Following were two other appetizers that we thought were exceptional: Fish Malai Tikka, fish fillets marinated in yoghurt and cheese and flavored with cardamom and spices then cooked in the tandoori oven as well as a classic Chicken Tikka that was also cooked in the tandoori.
Then, main courses were brought to the table: Lamb Biryani, Cucumber Raita, Murgh Khubani, Saag Paneer, Yellow Dhal, Peas Pulao, and garlic and rosemary Naan bread.
The Lamb Biryani was a classic, with origins among the Muslims of India. Biryanis encompass a category of highly aromatic, long grain rice and meat dishes, typically served during special family occasions; the emphasis lies in carefully building up layers of aromas and flavors and combinations of textures and colors. In the Benares version, the casserole is flavored with spices, saffron & a hint of mint, plus I think rosewater. A Cucumber Raita, is many times served as a side dish and I always order it as it is a bit similar to Greek tzatziki, a yoghurt/cucumber sauce I’m very fond of; it also works well to lessen the spiciness of the meat part of the dish. In this case the Biryani came in an interesting-looking clay pot, with a cover of cooked bread-dough that was used to seal the pot. When the dough was broken with a serving spoon, the aromas of the Biryani were released to enchant us. It was a really a spectacular version of the dish!
Murgh Khubani is an interesting grilled breast of chicken, served on top of a spiced apricot sauce with dried apricot slivers on top. A lovely sweet and spicy dish that makes my taste buds jump for joy every time I have it! If there is one Indian dish that loudly proclaims its Persian roots; this is the one. Murgh Khubani is a Parsee dish. Parsees are descendants of refugees who fled to Gujarat (Northwestern India) after the Arab conquest of Persia to save their Zoroastrian faith and to avoid religious persecution by the Muslims. The traditional spice blends that characterize Parsee cooking and have been widely adopted by the rest of the Indian cuisine are: Garam Masala (ubiquitous throughout the country), Sambhar Masala (mostly Southern India) and Dhansak Masala (mostly Gujarat, Western India).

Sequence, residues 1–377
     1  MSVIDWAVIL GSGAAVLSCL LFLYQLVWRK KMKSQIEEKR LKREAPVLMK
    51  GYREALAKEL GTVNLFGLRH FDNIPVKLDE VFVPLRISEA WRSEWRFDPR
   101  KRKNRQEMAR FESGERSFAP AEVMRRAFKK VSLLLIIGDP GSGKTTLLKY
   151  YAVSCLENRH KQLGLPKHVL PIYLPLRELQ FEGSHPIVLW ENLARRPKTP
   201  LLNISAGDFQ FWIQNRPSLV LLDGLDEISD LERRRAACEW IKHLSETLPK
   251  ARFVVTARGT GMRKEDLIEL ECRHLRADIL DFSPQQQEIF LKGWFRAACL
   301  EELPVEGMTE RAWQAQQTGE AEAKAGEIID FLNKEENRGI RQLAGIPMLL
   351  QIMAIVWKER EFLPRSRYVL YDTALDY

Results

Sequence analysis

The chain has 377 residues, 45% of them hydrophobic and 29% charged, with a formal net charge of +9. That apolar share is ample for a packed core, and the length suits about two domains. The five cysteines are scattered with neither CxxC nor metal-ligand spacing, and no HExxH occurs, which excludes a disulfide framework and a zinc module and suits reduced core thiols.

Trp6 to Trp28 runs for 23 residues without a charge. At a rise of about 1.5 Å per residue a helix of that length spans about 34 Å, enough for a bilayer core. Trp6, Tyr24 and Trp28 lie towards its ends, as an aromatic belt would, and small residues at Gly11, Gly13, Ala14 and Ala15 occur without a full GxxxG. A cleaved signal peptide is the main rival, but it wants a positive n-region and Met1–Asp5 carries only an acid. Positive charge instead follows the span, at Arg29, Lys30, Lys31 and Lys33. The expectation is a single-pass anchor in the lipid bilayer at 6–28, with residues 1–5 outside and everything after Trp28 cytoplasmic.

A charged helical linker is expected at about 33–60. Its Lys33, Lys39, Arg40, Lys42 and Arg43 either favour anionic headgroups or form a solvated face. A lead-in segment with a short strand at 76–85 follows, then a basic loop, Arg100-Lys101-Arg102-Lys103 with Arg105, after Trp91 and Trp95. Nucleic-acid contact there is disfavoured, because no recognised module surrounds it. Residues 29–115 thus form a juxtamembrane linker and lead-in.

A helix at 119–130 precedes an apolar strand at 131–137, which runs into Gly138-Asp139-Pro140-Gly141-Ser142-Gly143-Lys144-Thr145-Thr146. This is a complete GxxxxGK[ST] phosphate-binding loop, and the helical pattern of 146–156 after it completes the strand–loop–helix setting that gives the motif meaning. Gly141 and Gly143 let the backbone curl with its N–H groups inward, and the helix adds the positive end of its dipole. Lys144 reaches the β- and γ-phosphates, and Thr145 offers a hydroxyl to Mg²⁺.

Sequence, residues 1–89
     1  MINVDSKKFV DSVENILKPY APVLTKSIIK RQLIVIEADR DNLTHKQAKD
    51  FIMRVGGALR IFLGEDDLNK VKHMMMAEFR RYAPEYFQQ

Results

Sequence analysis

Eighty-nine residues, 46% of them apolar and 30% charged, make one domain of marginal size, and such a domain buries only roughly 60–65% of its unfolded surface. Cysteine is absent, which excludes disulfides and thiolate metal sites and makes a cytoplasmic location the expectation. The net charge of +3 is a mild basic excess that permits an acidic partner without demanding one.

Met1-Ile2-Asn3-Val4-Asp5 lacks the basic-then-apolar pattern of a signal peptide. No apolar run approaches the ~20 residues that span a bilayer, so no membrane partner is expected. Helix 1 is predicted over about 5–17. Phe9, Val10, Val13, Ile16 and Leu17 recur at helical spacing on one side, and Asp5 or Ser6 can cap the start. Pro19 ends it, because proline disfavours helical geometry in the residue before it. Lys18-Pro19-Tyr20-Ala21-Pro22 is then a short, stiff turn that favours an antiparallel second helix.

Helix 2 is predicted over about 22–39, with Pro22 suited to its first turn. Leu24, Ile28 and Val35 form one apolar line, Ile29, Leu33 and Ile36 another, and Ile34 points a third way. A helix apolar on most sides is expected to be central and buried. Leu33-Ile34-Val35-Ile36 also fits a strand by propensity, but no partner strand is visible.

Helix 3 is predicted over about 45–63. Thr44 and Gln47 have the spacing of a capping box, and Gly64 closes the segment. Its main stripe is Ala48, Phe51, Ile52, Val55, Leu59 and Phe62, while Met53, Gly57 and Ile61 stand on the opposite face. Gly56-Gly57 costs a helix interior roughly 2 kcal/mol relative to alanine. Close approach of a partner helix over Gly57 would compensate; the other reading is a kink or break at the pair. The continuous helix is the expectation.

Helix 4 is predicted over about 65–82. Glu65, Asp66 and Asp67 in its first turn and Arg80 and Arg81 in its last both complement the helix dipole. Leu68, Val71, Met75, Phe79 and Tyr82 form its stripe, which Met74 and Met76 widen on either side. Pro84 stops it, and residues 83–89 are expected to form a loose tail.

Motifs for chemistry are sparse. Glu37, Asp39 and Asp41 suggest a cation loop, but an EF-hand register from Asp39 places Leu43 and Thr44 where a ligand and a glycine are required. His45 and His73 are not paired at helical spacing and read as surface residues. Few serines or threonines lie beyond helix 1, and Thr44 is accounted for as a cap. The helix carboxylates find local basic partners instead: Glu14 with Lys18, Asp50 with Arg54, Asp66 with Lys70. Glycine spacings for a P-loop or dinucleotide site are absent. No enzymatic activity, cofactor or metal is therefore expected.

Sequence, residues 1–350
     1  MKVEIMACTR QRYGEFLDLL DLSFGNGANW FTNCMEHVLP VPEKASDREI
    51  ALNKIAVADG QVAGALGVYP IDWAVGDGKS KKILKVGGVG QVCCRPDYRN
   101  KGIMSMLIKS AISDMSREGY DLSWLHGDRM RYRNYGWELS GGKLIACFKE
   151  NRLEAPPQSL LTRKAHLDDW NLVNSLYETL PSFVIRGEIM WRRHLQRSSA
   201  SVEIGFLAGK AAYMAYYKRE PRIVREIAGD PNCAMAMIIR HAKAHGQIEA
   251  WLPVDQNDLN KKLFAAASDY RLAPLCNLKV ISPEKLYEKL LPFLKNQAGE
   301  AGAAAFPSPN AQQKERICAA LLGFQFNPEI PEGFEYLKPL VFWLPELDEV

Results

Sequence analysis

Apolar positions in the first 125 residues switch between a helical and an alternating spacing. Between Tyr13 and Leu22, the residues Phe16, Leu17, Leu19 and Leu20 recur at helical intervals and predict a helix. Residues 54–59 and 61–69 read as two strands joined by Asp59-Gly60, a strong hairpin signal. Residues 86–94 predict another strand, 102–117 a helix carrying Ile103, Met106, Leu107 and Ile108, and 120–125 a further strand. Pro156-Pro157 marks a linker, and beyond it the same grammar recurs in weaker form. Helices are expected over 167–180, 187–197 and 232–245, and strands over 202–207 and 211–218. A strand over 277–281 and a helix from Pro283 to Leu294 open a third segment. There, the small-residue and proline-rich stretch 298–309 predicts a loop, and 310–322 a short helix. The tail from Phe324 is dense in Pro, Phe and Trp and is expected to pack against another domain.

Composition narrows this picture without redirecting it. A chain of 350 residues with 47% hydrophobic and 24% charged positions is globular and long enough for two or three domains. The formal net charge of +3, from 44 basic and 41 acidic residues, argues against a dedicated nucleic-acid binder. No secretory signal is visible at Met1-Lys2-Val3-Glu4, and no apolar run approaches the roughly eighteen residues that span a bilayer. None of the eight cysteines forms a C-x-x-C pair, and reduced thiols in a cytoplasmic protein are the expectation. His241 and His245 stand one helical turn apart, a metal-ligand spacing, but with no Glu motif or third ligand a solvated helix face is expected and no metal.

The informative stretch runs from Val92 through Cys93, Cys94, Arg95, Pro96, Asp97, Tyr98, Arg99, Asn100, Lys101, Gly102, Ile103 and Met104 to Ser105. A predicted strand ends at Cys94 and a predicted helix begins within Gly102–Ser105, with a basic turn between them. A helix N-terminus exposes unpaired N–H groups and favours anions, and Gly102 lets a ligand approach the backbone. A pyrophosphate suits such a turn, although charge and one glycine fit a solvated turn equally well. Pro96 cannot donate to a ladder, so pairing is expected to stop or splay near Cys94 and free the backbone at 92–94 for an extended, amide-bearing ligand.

To accompany the main courses we had Peas Pulao i.e. basmati rice with fresh green peas; Yellow Dahl, a Northern Indian dish served with rice and flat bread that is made of lentils cooked in an stew like consistency with cumin seeds and a good amount of turmeric, plus chili and garlic. The pièce de résistance as far as Barbara was concerned, was the Saag Paneer; a dish of fresh spinach cooked with cottage cheese, cumin, ginger and garlic. It is usually a vegetarian dish and she loved it!
And now about the wine I brought with me to pair with Benares’ food. It was a bottle of 2016 Cyprès de Climens, a delightful Barsac wine from the Bordeaux region. The 2016 vintage rates better than any other Cyprès vintage up to now due to the wine quality; what was in the second label bottle was much closer to the quality of the wine in the first label (Grand Vin). Usually, the second label is rated at 89/100 to 90/100 points when tasted without food, and that rating is for a second label that rarely has in the bottle wine as good as the first label. I believe that a good wine when paired with the right dishes will surpass the rating given it when tasted alone. And this wine certainly did not disappoint! Paired with the above dishes, I rate it at 95/100 points -- but that is only for this exceptional vintage.
But, our spectacular meal was not finished just yet! Dessert came in and, even though we were full to the gills, we just could not refuse... Orange Kulfi and an “Atom Bomb”. If you like desserts, both are spectacular and very unusual. Just make sure to eat the orange rind that is part of the Kulfi... the slight bitterness of the rind and the aroma complement the sweetness of the ice cream. As far as the “Atom Bomb” is concerned, the rich chocolate volcano cake, countered by the rose petal ice cream made in house ... you have to taste it to believe it.
Thanks to Ranbir Bhatia, general manager of Benares, who guided us through this spectacular meal!